Horses feature in some of the oldest known artworks. For millennia, we have been drawn to their speed, strength, heart, and loyalty, so it’s only natural that ancient humans wanted to immortalise them on cave walls. Today, they continue to capture the imagination, and we’ve put together this easy horse drawing tutorial so that you can learn how to draw your own.
In this fun and easy-to-follow step-by-step tutorial, we show you how to build up the form of a horse using basic shapes, share expert advice and walk you through the steps needed to build up the detail on your horse. Once you’ve completed this horse drawing tutorial, use some of the techniques you’ve learnt and apply them to other horse poses, or even other animals.
If you’re new to drawing, we think you’ll enjoy our pencil drawing for beginners and best drawing pencils guides – they’ll help you get started. Looking for more drawing projects? Check out these adorable step-by-step guides, how to draw a cat and how to draw a dog with artist Matt Breen.
Our art editor, Sarah Orme, has put together a series of useful guides to help you get the most out of your hobby. Learn how to use watercolour pencils, how to do ink drawing, or how about learning how to draw a tree step by step?
Top tips for drawing horses
- The first step to drawing horses is to break down the subject into (very) rough shapes. It’s important to check proportions at this stage. Only press lightly with your pencil, as these lines will be erased later on.
- If you want to keep a record of your construction lines for future reference, use a coloured pencil to mark out the initial planning stage. This way they’re easily distinguishable from the final details.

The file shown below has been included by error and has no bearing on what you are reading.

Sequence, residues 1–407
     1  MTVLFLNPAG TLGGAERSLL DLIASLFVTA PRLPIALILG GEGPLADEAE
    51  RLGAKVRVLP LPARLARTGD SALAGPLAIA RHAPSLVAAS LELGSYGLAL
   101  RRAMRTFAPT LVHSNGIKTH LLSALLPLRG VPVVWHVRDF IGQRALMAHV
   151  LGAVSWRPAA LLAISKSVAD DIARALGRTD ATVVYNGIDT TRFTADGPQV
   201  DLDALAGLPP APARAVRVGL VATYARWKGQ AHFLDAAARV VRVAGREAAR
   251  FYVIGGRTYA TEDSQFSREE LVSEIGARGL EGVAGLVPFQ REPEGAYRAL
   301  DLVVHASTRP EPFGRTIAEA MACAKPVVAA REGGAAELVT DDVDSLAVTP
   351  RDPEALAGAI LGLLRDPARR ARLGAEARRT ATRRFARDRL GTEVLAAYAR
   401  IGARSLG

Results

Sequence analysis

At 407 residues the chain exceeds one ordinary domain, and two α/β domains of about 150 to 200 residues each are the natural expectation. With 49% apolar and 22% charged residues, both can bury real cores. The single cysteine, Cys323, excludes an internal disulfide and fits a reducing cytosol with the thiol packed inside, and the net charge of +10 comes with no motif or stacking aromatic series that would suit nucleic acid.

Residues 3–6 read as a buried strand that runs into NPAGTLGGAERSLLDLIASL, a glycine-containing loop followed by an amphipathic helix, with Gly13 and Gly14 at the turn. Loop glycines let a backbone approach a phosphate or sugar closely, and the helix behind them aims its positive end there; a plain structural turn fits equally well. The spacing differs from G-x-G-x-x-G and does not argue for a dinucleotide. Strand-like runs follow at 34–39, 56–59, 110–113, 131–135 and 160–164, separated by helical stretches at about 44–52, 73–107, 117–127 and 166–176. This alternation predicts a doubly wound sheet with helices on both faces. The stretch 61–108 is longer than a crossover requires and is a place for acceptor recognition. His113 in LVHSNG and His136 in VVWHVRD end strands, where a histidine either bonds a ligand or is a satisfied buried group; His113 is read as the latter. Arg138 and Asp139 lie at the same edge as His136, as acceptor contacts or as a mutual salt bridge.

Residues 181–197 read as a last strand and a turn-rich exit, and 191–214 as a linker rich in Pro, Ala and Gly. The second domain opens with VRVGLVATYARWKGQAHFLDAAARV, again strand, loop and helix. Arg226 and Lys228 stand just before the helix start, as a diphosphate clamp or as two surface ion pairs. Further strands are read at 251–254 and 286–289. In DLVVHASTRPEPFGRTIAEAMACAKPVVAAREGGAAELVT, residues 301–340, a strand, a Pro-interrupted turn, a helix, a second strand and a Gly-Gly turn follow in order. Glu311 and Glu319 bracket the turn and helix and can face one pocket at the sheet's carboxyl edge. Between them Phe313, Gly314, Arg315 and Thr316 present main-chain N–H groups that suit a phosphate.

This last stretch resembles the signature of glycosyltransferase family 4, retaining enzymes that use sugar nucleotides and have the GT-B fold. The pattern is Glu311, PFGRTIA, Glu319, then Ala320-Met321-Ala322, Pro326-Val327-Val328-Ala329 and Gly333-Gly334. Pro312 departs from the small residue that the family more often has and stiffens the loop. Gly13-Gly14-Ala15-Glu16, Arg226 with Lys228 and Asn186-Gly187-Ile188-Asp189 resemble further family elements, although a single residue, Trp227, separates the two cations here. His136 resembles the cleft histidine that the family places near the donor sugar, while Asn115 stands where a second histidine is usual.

- Once you’ve planned out the form and proportions of the horse with basic shapes, smooth the lines between the shapes to join them together. Don’t add detail at this stage – if your proportions are still out, you’ll find yourself erasing your hard work.
- Then, refine the head and neck. These are prominent features on the horse, so keep checking the proportions against your reference photo.
- When you come to drawing the legs, draw the joints (knees and ankles) first as rough circles. This helps your horse look more realistic and helps with the contouring of the legs.
- Once you’re happy with your basic shape, go over the outline with a harder pencil or fine liner.
- Once you have mastered this horse drawing tutorial, why not try speed sketching horses? Aim to fill the page quickly, and construct your horses from basic shapes, like circles, ovals and curves. You’ll soon get a feel for the proportions, and it’s a lot of fun, too.
- If you’re drawing horses from a photograph, choose a photograph where all parts of the horse are unobscured, and one where the lighting is decent enough to fall on the contours.
- In general, horses have: a thin head, thick chest, thin legs, narrow (ish) waist and a fairly decent-sized rump.
- If you have a museum nearby, this is a fantastic place to get some ‘real life’ sketching experience, without the risk of them galloping away (unless you happen to be in the American Museum of Natural History at night…).